After coming around the bend in the river, I had this overwhelming sense of euphoria. I could see the twinkling lights of the village coming into view. We had not sunk. What had been one of the most memorable days of my life was soon to become even more special. Percy had invited us to dinner.

I had been scheduled to meet up that evening with two member of the SEP Wuikinuxv project team who had planned to fly in that afternoon while I had been up the river with the crew. Colin Masson, the SEP Project Coordinator and Doug Lofthouse, the SEP project advisor, were both coming in to go over the years work plan with Percy and myself. 

Colin had not made it on to the flight. He had been called away at the last minute, which was a shame as he hoped to make it in for this meeting while we were all together in one spot. Wuikinuxv was not an easy place to have a planning meeting so you took advantage of whatever opportunities that came along. Colin knew it was his loss as he and Percy could go on for hours into the night with stimulating discussions covering a wide range of topics. 

Percy was this force of nature with a deep well of creative ideas that never seemed to run dry. Colin was always one of those guys that liked to think big and come up with new solutions to old problems. Percy was normally pretty quiet but when he and Colin got together, it was always a pleasure to see these two guys debating some interesting idea. 

Back and forth, back and forth these skilled raconteurs would take their ideas and soar high up into the sky trying to push each other to a new place. The rest of us earth bound mortals just watched and enjoyed the show. Colin and Percy were truly birds of a feather that simply enjoyed each other’s company while they flew above the clouds.

 Doug had made the trip and had flown into Rivers Inlet that after noon on the infamous Grumman Goose “Flying Boat” aircraft. Sitting in the front seat, beside the pilot, he had the pleasure of landing at the mouth of the Waanukv River, in a gray swirl, with clouds to the deck and rain beating on the windshield. This experience was not for the faint of heart.

Landing at high speed on the water, in the “Goose”, felt like being in an aluminum car top boat on steroids. Doug got to watch as the pilot veered left and right past logs and other junk that blurred past the aircraft as it touched down. As the aircraft first touched the water it would still be going around 150 km an hour. The debris field, pushed out into the inlet from the rain-swollen Waanukv River, definitely captured your attention. 

He looked a little frazzled when he met us in early evening, which we could definitely relate to. We all needed something to settle our stomachs. Off we went to Percy’s house. 

Later in Percy’s house, he had fired up the wood stove and began preparing the food for his guests. He was going to make us what he called his “Mulligan”. It was composed of big chunks of newly caught salmon, mixed in with quartered onions and potatoes with some other magic ingredients. Soon the stew was bubbling on the stove and the small room was full of damp crew and his guests from away. The talk drifted to the egg take events, as if the day had been no different than any other typical day on the river.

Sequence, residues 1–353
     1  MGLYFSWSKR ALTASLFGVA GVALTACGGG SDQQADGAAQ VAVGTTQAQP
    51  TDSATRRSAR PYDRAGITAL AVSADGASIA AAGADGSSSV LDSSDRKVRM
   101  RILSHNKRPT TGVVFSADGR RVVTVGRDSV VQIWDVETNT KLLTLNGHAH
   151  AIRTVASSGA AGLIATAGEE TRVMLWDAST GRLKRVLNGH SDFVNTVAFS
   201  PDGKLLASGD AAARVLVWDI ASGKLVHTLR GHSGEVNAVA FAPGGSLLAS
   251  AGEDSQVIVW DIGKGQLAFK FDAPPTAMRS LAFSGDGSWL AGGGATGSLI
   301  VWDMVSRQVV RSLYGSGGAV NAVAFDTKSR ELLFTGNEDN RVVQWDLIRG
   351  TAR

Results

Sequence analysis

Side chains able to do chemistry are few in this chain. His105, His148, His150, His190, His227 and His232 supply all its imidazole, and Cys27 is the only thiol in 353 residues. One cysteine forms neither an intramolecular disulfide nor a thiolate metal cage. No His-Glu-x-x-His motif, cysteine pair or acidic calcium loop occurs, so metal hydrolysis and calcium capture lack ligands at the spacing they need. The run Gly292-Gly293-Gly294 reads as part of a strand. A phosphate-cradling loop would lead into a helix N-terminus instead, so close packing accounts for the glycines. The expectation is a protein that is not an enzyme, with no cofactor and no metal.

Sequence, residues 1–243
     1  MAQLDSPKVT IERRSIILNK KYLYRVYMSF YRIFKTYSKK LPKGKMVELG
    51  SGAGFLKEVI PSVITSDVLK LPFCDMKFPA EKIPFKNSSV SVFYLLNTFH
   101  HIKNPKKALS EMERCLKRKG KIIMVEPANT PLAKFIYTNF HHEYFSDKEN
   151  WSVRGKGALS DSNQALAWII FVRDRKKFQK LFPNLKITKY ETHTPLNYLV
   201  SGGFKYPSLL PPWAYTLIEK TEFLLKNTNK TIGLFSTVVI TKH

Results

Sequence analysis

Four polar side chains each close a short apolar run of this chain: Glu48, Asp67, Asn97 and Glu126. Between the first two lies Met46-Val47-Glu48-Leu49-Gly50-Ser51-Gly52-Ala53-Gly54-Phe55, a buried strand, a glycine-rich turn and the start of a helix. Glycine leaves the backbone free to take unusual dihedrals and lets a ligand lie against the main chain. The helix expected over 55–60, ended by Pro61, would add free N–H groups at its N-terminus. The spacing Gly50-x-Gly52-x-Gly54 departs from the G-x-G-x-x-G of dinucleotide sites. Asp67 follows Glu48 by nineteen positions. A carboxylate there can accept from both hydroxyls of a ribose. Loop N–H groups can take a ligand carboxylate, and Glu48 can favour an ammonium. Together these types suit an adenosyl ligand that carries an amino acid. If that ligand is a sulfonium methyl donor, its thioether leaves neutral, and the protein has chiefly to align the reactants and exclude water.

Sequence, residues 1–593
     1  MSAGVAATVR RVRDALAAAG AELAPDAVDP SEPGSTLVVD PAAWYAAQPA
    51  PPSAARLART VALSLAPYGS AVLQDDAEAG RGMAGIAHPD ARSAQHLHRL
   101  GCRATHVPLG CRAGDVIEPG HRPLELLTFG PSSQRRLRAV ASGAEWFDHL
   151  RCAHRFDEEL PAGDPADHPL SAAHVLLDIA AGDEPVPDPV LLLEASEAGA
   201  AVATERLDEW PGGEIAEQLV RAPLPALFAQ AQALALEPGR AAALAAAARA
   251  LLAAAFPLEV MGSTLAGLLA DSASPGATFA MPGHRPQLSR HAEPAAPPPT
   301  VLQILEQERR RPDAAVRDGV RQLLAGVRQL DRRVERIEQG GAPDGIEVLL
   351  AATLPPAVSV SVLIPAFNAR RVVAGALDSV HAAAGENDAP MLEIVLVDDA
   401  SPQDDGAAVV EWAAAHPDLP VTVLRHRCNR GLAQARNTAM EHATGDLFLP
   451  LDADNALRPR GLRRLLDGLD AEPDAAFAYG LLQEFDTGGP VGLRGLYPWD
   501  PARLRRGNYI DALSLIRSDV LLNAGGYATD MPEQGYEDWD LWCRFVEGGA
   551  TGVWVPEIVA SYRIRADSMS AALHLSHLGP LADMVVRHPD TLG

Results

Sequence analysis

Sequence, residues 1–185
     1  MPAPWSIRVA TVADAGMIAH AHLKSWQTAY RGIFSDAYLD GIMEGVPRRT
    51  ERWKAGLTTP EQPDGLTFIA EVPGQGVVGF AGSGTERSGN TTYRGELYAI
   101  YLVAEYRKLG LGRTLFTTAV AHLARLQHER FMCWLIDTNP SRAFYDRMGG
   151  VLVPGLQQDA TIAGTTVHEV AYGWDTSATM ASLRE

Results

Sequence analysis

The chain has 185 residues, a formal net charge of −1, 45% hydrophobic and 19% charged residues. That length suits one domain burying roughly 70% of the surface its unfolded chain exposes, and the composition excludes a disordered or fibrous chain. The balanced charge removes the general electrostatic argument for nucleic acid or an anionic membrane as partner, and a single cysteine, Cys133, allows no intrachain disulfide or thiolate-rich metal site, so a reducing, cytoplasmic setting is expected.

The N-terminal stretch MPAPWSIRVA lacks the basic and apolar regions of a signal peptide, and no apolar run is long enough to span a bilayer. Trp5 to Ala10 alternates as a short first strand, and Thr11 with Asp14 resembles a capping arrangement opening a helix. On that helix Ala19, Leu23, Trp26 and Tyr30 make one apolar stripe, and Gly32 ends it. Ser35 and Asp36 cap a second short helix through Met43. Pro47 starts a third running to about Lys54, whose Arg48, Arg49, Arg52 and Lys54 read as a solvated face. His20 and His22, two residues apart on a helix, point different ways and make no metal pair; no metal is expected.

As Percy served the stew, he explained that this was the best remedy he knew for the chills that can come after working all day during a typical Wuikinuxv fall blow. When the last of the stew had been licked from the pot, everyone was warm as a bug in a rug in the now nuclear hot room. Our host, chef and leader down the river rapids, announced he had kept the best surprise for last. 

Percy got up from his chair, with a misty halo around his head. This had something to do with his now steaming long grey Stanfield wool undershirt, which was his standard uniform on these rainy work days. 

He leaned over to reach back behind the wood stove and emerged with his familiar wide grin and a large battered pickle jar. With a rusty white lid, that evidently had been a veteran of many a season, he wanted to show us something special. Blinded by the naked light bulb above his head, it was somewhat unclear, what was contained in the jar. It looked to be a form of cheese or something like that. 

When he spun open the lid a distinct aroma began permeating the room. The guys from the fish crew knew this was going to be a very special night indeed. The “stink eggs” were coming out. 

Having heard of them but never actually having the pleasure, I knew stink eggs, were raw salmon eggs placed in a jar, kept in a warm spot, to percolate for a time. This created what would be classed as a “regional delicacy”. The night was young and I was just happy to be alive. 


The next morning, I think Percy sensed the night ride had left a mark on my psyche. He read that right. Cheerful as always, he asked if I would like to go with him up the river in the boat while the rest of the crew went over their fish culture procedures with Doug and Bob. We would be in day light this time and he would show me the river he loved and knew so well.  

The next morning, I think Percy sensed the night ride had left a mark on my psyche. He read that right. Cheerful as always, he asked if I would like to go with him up the river in the boat while the rest of the crew went over their fish culture procedures with Doug and Bob. We would be in day light this time and he would show me the river he loved and knew so well.  

On the way upstream the first place we stopped was at a shallow area along the bank just above the village but below the rapids. This 100-meter-long stretch of river bed was paved with moderate sized boulders. The smaller boulders were around the size of a large pumpkin, while the bigger ones, could have won the big pumpkin prize at the fall fair. Each of the boulders had a luxuriant head of green hair. This was river moss, indicating they had not moved in a very, very, long time.